Smart Computing

Lemon Law Woman

When Life Gives You Lemons: Sue

Reprinted From Smart Computing Magazine

Odds are you've had trouble with a PC at some point or know someone who has. Either way you're probably aware that some big computer companies can be tough to work with once they have your money. Research on consumer satisfaction with computer companies and their customer service departments indicates the majority of consumers are satisfied with their computer purchasing experiences, but many are still seething with frustration over their treatment by PC makers. Some people live with PCs that don't work properly even after months of trips back and forth to manufacturers for repairs. Consumers tell stories of unresponsive tech support teams and interminable delays, and many give up in the end because taking action costs too much and they need a computer that works now.

Some companies are responsive to their customers' problems and work hard to provide timely, reliable service or equipment replacement. Others, however, are not. Some companies faced with large numbers of service claims actually prefer litigation to fixing their customers' problems. "The layers of tech support consumers have to go through aren't accidental," says Pennsylvania attorney Craig Thor Kimmel. "Some companies use them to rid themselves of as many as 80% of their pending claims and call that 'customer resolution."

Kimmel's firm has been helping clients with auto lemon law claims for about 10 years, so when Pennsylvania state Rep. T.J. Rooney decided to introduce legislation for a computer lemon law, he contacted Kimmel & Silverman for help. In April 1999 Kimmel helped put together a pending computer lemon law based on the language of the federal Magnuson-Moss Warranty Act, which requires manufacturers to inform consumers of the terms of their warranties and to honor them. The PC lemon law includes specific provisions for computer companies, requiring them to guarantee a two-year period of functionality and prohibiting them from blaming customers' problems on preinstalled software under most circumstances.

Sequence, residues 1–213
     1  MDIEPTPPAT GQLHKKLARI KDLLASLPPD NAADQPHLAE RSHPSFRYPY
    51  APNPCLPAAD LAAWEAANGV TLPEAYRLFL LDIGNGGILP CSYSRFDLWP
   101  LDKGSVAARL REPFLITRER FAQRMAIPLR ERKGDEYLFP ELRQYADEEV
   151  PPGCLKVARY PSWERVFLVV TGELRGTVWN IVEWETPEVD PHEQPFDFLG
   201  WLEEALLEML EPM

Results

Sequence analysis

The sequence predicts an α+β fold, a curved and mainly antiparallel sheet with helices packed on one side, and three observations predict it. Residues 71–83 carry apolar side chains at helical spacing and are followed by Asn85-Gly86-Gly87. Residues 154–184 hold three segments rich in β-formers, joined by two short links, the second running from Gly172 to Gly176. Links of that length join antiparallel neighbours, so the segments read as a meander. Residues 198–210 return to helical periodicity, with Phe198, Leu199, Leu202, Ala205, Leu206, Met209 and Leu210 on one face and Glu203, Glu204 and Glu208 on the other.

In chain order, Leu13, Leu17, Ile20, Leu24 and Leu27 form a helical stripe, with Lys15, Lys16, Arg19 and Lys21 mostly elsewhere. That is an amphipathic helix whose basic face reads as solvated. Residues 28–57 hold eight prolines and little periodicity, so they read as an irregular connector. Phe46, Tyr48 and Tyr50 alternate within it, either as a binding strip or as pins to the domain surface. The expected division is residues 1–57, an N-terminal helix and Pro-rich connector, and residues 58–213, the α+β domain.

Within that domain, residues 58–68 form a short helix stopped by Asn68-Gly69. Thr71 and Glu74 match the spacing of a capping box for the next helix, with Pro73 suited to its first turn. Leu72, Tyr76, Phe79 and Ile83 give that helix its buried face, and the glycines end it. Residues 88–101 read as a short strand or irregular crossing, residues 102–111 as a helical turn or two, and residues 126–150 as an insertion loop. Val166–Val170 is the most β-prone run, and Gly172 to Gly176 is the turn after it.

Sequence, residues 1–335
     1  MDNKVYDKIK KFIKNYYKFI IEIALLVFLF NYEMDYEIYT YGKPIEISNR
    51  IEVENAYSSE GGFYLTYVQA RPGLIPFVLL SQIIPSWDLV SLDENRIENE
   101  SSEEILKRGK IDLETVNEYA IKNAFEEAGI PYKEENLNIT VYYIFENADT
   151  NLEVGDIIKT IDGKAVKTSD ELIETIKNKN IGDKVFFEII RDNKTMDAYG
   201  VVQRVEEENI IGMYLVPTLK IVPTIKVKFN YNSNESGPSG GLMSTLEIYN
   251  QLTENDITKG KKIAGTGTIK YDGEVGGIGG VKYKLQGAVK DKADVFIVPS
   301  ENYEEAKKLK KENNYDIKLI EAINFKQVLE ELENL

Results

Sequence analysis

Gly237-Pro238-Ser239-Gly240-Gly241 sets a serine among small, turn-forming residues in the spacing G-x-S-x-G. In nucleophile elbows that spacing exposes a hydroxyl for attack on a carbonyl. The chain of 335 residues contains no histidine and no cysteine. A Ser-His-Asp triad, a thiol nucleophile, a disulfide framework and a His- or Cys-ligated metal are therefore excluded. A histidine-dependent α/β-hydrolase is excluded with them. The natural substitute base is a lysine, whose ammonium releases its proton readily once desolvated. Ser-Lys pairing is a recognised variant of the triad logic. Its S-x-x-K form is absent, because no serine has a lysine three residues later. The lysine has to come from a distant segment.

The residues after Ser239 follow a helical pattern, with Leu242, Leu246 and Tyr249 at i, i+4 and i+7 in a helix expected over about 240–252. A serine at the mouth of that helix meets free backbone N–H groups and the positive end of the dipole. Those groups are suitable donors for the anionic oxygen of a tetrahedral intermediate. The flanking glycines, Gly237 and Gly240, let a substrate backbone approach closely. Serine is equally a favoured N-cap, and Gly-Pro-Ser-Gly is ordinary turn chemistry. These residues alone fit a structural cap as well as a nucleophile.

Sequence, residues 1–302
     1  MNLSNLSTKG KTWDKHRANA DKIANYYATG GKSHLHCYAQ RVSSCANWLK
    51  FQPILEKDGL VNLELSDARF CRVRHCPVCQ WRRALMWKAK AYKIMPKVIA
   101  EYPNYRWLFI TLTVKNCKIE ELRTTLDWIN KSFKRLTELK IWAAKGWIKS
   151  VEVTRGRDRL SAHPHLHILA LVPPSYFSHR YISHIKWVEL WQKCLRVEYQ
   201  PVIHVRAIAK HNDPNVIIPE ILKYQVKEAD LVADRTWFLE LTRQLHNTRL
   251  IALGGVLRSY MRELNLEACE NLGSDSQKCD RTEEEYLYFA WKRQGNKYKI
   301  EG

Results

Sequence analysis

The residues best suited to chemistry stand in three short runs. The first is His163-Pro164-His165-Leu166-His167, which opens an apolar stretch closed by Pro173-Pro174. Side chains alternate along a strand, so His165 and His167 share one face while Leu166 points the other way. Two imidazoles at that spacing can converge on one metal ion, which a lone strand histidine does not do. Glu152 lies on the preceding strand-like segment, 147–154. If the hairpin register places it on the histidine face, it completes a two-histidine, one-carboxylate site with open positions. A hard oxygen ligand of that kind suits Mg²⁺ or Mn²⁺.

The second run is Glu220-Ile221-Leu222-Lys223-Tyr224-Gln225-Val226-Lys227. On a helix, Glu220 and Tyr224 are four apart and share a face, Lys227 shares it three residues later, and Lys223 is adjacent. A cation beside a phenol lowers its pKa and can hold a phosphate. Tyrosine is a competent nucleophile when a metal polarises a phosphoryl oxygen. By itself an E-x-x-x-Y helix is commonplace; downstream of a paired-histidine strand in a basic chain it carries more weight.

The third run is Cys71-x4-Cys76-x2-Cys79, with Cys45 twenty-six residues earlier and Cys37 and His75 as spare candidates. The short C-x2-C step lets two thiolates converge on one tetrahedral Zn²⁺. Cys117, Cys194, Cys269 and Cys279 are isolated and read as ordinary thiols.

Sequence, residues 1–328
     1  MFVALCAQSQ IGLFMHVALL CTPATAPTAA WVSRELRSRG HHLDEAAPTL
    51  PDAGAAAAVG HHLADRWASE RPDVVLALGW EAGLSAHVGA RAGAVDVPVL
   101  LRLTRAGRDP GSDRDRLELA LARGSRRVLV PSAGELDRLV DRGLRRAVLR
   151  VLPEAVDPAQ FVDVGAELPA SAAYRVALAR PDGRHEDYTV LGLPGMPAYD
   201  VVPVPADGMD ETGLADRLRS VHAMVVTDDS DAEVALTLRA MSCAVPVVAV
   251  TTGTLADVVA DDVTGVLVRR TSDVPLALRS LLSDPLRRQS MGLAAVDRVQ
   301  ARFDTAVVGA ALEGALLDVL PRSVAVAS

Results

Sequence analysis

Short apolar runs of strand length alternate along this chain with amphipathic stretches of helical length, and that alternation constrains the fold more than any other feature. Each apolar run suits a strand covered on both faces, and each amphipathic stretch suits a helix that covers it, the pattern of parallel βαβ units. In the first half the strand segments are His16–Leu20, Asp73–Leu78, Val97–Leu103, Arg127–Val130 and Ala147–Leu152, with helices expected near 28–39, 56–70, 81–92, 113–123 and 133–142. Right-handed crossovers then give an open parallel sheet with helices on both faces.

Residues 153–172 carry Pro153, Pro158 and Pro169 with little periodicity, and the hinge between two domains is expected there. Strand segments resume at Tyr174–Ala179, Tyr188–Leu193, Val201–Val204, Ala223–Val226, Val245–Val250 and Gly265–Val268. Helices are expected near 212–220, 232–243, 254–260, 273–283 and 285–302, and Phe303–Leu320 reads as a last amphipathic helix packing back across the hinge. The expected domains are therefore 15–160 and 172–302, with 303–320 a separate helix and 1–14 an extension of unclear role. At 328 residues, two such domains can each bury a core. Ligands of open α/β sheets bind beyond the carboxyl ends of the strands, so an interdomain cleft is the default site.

"Most customers don't want a refund of their money," says Kimmel, who gets about 150 e-mails per day from consumers asking about their rights in dealing with manufacturers. "They purchased a specific computer for specific reasons, and they want it to work." The computer lemon law will entitle consumers to timely replacement of their PCs if manufacturers can't fix them and requires manufacturers to pay claimants' legal fees as well as any expenses incurred in resolving their claims. Kimmel says he expects the measure to pass successfully in Pennsylvania and that his firm's web site (Computer Lemon Law) has sparked interest in several other states (and possibly at the federal level), as well.

For more information, visit Computer Lemon Law.

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